David W. Wills (Section 01)
The election of Barack Obama has raised many questions, among them these: How much and in what ways has the place of race in American public life changed since the civil rights movement of the 1950s and 1960s? Did the 2008 presidential campaign show how far we have come in escaping old racial loyalties and animosities or did it make clear how much they endure? How and to what extent has the Obama presidency carried forward the legacy of the civil rights movement in general and Martin Luther King, Jr., in particular. In what ways are issues of race entangled with those of religion in the United States--and how much has this changed in the last fifty years? What was the role of the black churches in the civil rights movement and what is the political role of those churches today? How has the place of Islam in African American religious life--and in American religious life generally--changed since the mid-twentieth century and what difference does that make for American politics? What is the relation, both past and present, between political activism tied to African American religious groups and the political mobilization of such other religious groups as evangelical Protestants? What is the relation between grassroots protest movements and electoral politics in effecting social change in the United States? How do the media shape the ways in which both race and religion appear--and disappear--in American public life?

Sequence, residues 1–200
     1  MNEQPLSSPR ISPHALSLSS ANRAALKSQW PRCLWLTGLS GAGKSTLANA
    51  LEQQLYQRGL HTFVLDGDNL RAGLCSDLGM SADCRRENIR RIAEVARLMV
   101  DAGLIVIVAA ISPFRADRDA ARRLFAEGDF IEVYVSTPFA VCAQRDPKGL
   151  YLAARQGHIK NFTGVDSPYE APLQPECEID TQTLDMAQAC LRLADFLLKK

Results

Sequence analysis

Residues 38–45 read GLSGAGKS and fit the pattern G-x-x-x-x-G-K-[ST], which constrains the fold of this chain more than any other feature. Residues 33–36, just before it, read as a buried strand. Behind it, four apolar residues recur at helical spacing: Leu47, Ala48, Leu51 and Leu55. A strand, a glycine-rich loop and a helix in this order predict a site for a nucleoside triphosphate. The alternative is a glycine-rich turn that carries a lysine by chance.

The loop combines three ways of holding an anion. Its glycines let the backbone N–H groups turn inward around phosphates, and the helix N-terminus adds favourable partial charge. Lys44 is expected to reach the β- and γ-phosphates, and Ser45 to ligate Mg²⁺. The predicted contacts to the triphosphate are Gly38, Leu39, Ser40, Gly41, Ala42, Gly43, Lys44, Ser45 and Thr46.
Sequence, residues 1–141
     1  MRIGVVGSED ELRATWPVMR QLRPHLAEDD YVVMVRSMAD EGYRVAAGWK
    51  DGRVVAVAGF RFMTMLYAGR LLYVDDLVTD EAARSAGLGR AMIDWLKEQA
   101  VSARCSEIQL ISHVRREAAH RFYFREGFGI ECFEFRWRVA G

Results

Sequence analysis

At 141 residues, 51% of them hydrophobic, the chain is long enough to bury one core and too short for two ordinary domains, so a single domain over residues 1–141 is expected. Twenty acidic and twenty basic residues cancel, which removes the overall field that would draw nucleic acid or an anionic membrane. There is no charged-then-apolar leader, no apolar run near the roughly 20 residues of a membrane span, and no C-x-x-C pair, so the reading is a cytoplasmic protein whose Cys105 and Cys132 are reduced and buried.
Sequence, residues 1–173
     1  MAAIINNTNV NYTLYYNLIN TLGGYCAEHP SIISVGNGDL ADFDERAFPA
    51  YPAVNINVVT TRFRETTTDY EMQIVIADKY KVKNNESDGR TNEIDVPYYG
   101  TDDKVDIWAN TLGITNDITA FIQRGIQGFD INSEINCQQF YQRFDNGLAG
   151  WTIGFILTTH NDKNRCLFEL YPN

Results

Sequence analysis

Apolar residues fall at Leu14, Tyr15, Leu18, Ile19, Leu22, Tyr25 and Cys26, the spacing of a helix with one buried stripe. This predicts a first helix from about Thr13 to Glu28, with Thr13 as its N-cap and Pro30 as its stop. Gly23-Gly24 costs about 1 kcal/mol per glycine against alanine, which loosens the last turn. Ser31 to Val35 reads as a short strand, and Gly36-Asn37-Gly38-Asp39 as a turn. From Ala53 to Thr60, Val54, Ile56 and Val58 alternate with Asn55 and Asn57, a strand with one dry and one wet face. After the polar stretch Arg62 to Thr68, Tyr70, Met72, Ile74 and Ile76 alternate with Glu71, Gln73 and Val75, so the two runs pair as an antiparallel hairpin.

In exploring these questions, this course will take as its point of departure a comparison of the public careers of Martin Luther King, Jr., and Barack Obama. We will examine their life histories, the development of their political and religious ideas, and their rhetorical strategies as writers and speakers. We will investigate the ways in which each--as any African American leader must do--positions himself both within black America and within American public life generally. We will note their relations to black allies and rivals and the strategies of each in forming wider coalitions--and the connection of these coalitions to electoral politics. The course will also attempt to place both King and Obama in a wider historical context, in part by examining some of the major trends and landmark events occurring in the period between King’s assassination and Obama’s election, e.g., the establishing of the King national holiday and the presidential campaigns of Jesse Jackson.
The course will be primarily discussion-based. Our goal will be to examine aspects of contemporary political life and the heated debates they occasion without succumbing to partisan sloganeering, a shallow present-mindedness, uncritical credulity about the prevailing public discourse, or cynical indifference. Readings will includes writings by King and Obama, historians’ accounts of the civil rights era and its aftermath, social scientific analyses of recent American voting patterns, and contemporary news accounts and opinion pieces about the Obama presidency. There will be multiple writing assignments, mostly short, designed to foster students’ skills as both discerning readers and disciplined writers.
Fall semester. Professor Wills.